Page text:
This week has been designated ‘Save our Butterflies Week’ by Butterfly Conservation, a charity dedicated to the conservation of our various Lepidoptera (as butterflies and moths are known collectively). The week follows a new report into the changing fortunes of our butterflies, also published by Butterfly Conservation. The report, “The state of butterflies in Britain and Ireland” makes worrying reading, such has been the magnitude of decline for many formerly widespread species. Norfolk itself has lost a quarter of its resident butterflies. Included among these are the large copper (which became extinct in 1864), small blue (1890s), chalk-hill blue (1971) and marsh fritillary (1970s). That we have lost so many species is a reflection of the changing land management and the loss of important habitats. The large copper, for example, was dependent upon areas of open fen, with high densities of the larval foodplant water dock, and as these disappeared so did the butterfly. Other species, like the high brown fritillary and the purple emperor have been lost as woodland habitats succumbed to modern management techniques.
For other species there is better news contained within the Butterfly Conservation report. The efforts of researchers, conservationists and volunteer lepidopterists have helped to secure the future of a number of species. The Norfolk Branch of Butterfly Conservation has been working hard to assess the habitat requirements of the silver-studded blue, a rare species, with a cluster of small colonies centred on the mid-Norfolk heaths. This delightful butterfly flies from June through into August and efforts have been made to see the number of colonies increase. The work, funded through the Heritage Lottery Fund has enabled the Norfolk Branch to hold training days, enabling volunteers to identify and monitor populations of this butterfly. The grant also funded a detailed study of all current and potential sites for the species within the county, with data collected on the condition of the heathland vegetation and on the densities of local ant populations (like a number of other blue butterflies, the silver-studded blue has a symbiotic relationship with one or more species of ant).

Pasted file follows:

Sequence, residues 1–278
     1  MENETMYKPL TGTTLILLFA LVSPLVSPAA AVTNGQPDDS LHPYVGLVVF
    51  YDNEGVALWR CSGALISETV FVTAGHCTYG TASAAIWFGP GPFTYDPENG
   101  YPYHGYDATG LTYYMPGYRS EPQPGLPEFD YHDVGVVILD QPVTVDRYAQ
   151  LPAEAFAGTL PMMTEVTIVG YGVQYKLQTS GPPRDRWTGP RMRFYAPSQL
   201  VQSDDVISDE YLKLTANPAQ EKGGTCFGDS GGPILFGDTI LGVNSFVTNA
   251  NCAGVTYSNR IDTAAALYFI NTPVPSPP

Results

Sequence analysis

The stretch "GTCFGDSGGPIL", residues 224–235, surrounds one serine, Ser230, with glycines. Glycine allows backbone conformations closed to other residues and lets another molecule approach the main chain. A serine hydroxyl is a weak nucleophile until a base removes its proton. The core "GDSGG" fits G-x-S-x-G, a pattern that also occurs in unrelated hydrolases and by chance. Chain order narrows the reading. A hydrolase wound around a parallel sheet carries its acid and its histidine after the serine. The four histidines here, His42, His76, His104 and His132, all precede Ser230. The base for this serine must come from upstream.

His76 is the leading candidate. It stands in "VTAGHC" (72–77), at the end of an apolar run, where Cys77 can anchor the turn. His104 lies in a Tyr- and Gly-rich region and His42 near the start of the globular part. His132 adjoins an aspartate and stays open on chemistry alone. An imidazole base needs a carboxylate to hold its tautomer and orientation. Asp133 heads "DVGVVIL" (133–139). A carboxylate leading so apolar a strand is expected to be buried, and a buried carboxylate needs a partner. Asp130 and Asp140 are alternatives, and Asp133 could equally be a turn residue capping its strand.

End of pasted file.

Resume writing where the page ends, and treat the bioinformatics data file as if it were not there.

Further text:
The result of all this work is a management plan for the species within Norfolk. The plan has established the size of the current silver-studded blue population and where it occurs. It has also highlighted sites where it is hoped that the butterfly can be established by moving a small number of individuals from existing sites with healthy populations. With luck, and quite a bit of effort, the future of the silver-studded blue should be secure. Now all we need to do is work on some of the other species that have declined over the years.